What marks a body as “different”? How do bodily differences shape perception and management of our bodies, creating and enforcing stigmas? In order to more fully understand what bodily difference means, we need to explore race, disability, and age as well as other markers of bodily difference including class, gender, and sexuality through a socio-cultural lens rather than only a biological/scientific one.
Early 20th century researchers Franz Boas, a cultural anthropologist, Max Weber, a sociologist, and W.E.B. Dubois, a sociologist and activist, claimed that race was a social, not biological, construct. Furthering this research, late 20th century sociologists Michael Omi and Howard Winant argue in their seminal book Racial Formation in the United States that
once we understand that race overflows the boundaries of skin color, super-exploitation, social stratification, discrimination and prejudice, cultural domination and cultural resistance, state policy (or of any other particular social relationship we list), once we recognize the racial dimension present to some degree in every identity, institution and social practice in the United States—once we have done this, it becomes possible to speak of racial formation. This recognition is hard-won; there is a continuous temptation to think of race as an essence, as something fixed, concrete and objective, as (for example) one of the categories just enumerated. And there is also an opposite temptation: to see it as a mere illusion, which an ideal social order would eliminate. In our view it is crucial to break with these habits of thought. The effort must be made to understand race as an unstable and ‘decentered’ complex of social meanings constantly being transformed by political struggle (13).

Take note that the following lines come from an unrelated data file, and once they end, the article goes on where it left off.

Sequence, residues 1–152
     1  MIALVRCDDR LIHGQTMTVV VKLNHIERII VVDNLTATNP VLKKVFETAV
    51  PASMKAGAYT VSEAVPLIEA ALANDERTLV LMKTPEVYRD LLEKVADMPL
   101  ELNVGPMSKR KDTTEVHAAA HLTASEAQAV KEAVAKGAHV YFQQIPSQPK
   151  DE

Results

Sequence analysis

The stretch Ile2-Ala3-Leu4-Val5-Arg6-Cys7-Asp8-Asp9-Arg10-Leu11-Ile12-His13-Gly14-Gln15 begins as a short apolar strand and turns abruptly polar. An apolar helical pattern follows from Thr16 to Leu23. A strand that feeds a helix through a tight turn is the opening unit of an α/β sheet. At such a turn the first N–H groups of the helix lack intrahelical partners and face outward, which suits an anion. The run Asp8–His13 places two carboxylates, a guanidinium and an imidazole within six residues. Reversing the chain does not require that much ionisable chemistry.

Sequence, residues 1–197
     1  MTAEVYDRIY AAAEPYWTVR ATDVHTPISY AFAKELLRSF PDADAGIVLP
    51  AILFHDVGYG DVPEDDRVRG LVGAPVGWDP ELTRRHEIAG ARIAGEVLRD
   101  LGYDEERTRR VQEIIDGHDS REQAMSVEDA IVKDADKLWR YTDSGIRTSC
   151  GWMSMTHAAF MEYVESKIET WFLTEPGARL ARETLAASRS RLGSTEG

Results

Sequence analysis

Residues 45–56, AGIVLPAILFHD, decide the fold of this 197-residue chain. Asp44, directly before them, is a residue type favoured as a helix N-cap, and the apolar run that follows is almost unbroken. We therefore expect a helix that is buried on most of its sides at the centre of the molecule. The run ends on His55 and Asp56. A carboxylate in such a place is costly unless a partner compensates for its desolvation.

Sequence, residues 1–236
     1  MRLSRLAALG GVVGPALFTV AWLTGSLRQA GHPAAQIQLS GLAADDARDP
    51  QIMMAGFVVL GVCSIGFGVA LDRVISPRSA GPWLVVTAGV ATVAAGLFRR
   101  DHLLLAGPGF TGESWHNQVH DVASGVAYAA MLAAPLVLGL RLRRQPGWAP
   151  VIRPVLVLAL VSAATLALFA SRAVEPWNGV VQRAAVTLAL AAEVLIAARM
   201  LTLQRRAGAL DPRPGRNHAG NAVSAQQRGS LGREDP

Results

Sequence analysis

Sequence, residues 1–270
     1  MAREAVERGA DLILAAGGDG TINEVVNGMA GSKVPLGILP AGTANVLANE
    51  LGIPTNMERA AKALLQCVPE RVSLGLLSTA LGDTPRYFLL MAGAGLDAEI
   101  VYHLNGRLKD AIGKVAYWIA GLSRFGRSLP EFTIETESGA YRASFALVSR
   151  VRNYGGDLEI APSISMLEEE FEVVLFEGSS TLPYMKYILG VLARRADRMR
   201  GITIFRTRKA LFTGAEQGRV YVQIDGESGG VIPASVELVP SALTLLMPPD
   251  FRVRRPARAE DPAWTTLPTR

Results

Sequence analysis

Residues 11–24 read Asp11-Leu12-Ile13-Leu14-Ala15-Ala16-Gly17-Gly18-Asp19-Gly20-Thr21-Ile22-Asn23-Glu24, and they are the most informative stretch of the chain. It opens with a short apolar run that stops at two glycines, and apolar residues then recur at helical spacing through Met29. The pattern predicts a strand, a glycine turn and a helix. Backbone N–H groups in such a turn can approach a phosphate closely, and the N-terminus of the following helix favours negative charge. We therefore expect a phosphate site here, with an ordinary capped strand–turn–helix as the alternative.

Some bodies are born with hereditary physical impairment and some acquired through accidents, infections or diseases. Some impairment occurs naturally, through the aging process. “While impairment refers to some loss of physiological or anatomical capacity, the term disability registers the repercussions of impairment and the difficulties a person may have engaging with the physical and built environment” (Howson 29). We can examine the range of effects various disabilities present and the myriad ways people have, through activism and creativity, contended with it, from classical musicians such as Beethoven to contemporary jazz guitarist Django Reinhardt. AXIS Dance Company is an especially dynamic example example of physically integrated dance.
What does it mean to grow older? How do our bodies change? How are older bodies perceived and treated? Emmanuelle Tulle-Winton, a sociologist specializing in old age, posits that “Ageing and, in particular, old age is similarly associated with changes and alternations in the shape, appearance and function of the body that may cause pain or discomfort and contribute to the social devaluation of ageing and old people” (Howson 189). As bodies grow older, they are “…defined in terms of productivity, the absence of which leads to social and economic marginalization” (Howson 190). Media unfortunately reinforce this perspective. “Hollywood has been especially unfriendly toward older people, either portraying them as comic foils or ignoring them completely. This attitude has reinforced cultural stereotypes related to aging and has lowered older peoples’ sense of self-worth” (Samuel 12).
Click on the linked sources to check out examples of bodily difference in terms of class, gender, and sexuality.
Sources and Further Reading
Howson, Alexandra. The Body in Question: An Introduction. 2nd Edition. Polity Press, 2013.
Omi, Michael and Howard Winant, Eds. Racial Formation in the United States. 2nd Edition. NY: Routledge, 1994.
Samuel, Lawrence R. Aging in America: A Cultural History. University of Pennsylvania Press, 2017.
Kelly Thomas, MFA
Associate Professor, Core Division
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